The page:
"Parametrics": Defined and explained

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An explanation of parametrics in CNC machinery programming. June 13, 2001

Could someone please define parametric?

Forum Responses
According to Webster:
Mathematics. A constant in an equation that varies in other equations of the same general form, especially such a constant in the equation of a curve or surface that can be varied to represent a family of curves or surfaces.

One of a set of independent variables that express the coordinates of a point.

Dealing with CNC matters such as we are, it basically means that you give coordinates relative to other coordinates. A lot of times you will even use a formula instead of an actual X/Y coordinate.

Here's an example: I start my line boring at 62.5mm from the bottom of the panel and end at 65.5 from the top of the panel. So the program line looks something like this: L = Panel length, S = Material thickness, F = a user defined variable which compensates for edgebanding thickness, since I machine before banding. X=L-62.5 Y=37-F Z=15 XF=65.5. Now no matter what size I make the panel, the bottom hole will start at 62.5mmm from the bottom of the panel and the top hole will be at 65.5 from the top of the panel, bearing in mind that all of my panels are on 32mm increments. This formula will not work exactly on a non-32mm increment.

Basically, though, with parametric programming, you are tying your work on the panel to the size of the panel and all operations are at given places relative to the size of the panel.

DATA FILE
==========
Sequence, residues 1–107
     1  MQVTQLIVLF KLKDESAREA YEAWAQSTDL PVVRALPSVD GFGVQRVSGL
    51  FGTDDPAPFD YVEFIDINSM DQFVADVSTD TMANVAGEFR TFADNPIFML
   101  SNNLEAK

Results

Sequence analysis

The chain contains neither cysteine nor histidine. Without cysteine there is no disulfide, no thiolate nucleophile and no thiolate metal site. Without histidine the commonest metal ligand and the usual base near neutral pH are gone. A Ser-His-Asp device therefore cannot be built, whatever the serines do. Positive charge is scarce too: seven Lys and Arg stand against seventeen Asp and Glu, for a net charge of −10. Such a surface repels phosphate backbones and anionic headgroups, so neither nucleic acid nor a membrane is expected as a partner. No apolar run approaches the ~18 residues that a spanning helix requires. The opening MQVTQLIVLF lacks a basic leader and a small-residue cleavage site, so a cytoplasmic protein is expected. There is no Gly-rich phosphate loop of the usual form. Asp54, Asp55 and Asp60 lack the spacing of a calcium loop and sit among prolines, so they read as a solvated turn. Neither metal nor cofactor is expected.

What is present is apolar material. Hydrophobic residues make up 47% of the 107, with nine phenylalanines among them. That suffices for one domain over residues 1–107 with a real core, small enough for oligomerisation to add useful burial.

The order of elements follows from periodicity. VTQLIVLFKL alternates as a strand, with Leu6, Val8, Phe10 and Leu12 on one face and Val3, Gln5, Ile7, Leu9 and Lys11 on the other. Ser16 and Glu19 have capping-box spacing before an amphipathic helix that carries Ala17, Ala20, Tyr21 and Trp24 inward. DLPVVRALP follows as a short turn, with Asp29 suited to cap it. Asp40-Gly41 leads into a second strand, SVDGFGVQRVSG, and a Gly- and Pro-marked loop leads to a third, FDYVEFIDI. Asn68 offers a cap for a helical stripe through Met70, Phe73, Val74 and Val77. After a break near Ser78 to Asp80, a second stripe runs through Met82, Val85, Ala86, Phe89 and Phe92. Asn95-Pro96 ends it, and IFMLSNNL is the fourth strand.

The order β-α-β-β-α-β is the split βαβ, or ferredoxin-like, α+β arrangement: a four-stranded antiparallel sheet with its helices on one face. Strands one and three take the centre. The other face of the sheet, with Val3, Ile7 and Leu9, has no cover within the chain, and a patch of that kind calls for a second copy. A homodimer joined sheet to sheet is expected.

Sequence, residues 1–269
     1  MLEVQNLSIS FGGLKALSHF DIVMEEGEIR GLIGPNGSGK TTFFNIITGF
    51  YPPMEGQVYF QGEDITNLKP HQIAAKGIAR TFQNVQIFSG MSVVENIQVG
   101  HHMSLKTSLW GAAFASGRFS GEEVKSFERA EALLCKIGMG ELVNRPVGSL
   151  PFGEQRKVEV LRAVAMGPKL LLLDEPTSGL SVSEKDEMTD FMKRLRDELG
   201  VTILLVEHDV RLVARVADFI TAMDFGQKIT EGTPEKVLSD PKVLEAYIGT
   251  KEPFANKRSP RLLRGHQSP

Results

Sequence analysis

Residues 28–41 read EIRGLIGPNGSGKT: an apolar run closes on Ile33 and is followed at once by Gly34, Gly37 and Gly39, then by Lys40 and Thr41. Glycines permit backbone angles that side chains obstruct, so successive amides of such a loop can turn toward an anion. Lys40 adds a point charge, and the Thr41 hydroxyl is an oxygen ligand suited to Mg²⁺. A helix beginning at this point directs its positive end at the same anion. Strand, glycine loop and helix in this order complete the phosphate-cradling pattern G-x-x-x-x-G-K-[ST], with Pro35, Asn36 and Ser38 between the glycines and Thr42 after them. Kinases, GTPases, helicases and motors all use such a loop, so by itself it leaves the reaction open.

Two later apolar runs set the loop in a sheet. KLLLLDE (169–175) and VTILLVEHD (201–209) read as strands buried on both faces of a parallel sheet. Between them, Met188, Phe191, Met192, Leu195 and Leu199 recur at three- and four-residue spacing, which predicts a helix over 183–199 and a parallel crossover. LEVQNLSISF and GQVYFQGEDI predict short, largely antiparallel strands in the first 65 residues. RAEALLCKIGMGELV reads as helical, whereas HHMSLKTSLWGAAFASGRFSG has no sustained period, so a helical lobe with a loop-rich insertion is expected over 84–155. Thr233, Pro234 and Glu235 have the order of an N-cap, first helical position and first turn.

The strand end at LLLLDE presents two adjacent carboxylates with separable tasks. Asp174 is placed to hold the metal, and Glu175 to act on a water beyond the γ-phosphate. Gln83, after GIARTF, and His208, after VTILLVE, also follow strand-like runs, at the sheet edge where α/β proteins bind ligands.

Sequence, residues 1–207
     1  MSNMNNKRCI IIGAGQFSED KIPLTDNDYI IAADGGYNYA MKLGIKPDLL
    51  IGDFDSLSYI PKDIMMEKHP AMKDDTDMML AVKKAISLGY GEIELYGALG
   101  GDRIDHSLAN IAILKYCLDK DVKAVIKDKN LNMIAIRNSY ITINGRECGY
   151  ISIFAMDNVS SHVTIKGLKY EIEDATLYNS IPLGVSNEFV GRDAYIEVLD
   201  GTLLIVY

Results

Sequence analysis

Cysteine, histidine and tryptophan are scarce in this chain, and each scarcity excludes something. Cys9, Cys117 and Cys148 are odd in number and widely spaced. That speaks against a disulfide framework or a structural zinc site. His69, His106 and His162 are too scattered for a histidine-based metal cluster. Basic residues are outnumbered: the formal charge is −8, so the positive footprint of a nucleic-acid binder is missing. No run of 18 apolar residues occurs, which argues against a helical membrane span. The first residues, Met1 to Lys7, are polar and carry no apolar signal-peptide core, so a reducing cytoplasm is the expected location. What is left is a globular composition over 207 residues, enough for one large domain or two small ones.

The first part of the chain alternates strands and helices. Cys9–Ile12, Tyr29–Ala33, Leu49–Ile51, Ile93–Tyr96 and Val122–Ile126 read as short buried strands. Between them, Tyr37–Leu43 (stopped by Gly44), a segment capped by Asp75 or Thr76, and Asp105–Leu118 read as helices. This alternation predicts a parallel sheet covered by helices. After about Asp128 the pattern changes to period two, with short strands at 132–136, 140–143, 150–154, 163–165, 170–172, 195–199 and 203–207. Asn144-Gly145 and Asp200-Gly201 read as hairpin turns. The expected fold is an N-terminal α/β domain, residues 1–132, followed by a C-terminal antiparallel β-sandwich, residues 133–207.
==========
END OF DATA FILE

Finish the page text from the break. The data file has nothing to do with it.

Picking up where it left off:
Brian Personett, forum technical advisor

To common people like me, it just means being able to reference the machining operation(s) to the dimensions of the panel, instead of absolute positions of a single panel.

This allows us to have one program that will work over a broad range of panel sizes. The same program can be used if the panel is 24x36, 23.5x31, etc.

The program can then be saved as a different program or the same program modified by changing the panel dimensions.

I don't understand why everyone wants to go through all this mathematical hassle. If you use a program such as solid, programs are disposable. Use them once and delete them (or throw them away). It's that simple. I hardly ever program a P2P program.

Whether you're choosing a software package like Cabnetware or Microvellum or if you're writing G-code, having parametric capabilities makes a huge difference for custom work.

A simple example is a g-code program used by the P2P operator for drilling pull holes on doors/drawers based on x, y, z header info. Through parametrics, a CAD/CAM program like Microvellum allows you to alter a 3d cabinet structure in AutoCAD and automatically update machining and stockbill output.

Learning parametric syntax is a great step forward for the shop operators in custom or production shops. Similarly, in the engineering room, if your equipment has the horsepower, the 3d parametrics can be a timesaver for custom fabricators. For stock producers it probably isn't necessary.